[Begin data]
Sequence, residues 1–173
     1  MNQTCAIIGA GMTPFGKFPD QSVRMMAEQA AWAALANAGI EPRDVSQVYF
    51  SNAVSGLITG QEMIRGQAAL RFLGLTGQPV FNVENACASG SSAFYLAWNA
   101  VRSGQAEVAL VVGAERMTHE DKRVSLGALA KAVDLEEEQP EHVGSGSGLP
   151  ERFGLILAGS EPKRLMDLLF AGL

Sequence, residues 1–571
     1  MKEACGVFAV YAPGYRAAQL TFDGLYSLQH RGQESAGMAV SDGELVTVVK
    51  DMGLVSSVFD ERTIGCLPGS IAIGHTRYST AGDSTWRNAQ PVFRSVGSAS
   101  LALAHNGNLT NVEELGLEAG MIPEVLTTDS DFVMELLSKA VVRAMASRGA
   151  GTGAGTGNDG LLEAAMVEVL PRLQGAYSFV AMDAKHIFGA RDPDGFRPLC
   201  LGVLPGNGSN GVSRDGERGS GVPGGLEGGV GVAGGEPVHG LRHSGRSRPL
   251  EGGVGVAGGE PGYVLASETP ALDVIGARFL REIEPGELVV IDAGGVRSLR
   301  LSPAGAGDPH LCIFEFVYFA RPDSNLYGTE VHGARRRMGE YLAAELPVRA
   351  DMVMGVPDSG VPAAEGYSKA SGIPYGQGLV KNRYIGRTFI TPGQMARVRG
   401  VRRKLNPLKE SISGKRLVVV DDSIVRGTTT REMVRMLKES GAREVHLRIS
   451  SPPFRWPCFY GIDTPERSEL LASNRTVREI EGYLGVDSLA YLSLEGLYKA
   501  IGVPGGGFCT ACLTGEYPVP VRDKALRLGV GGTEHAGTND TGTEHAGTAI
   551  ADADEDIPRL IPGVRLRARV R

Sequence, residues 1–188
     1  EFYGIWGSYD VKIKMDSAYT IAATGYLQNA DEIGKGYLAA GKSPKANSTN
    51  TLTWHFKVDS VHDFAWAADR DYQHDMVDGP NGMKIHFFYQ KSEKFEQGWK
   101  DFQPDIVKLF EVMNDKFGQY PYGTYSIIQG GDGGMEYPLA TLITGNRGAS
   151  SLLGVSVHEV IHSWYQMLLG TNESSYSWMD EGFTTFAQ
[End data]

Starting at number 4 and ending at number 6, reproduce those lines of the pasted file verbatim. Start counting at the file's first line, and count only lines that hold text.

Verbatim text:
   101  VRSGQAEVAL VVGAERMTHE DKRVSLGALA KAVDLEEEQP EHVGSGSGLP
   151  ERFGLILAGS EPKRLMDLLF AGL

Sequence, residues 1–571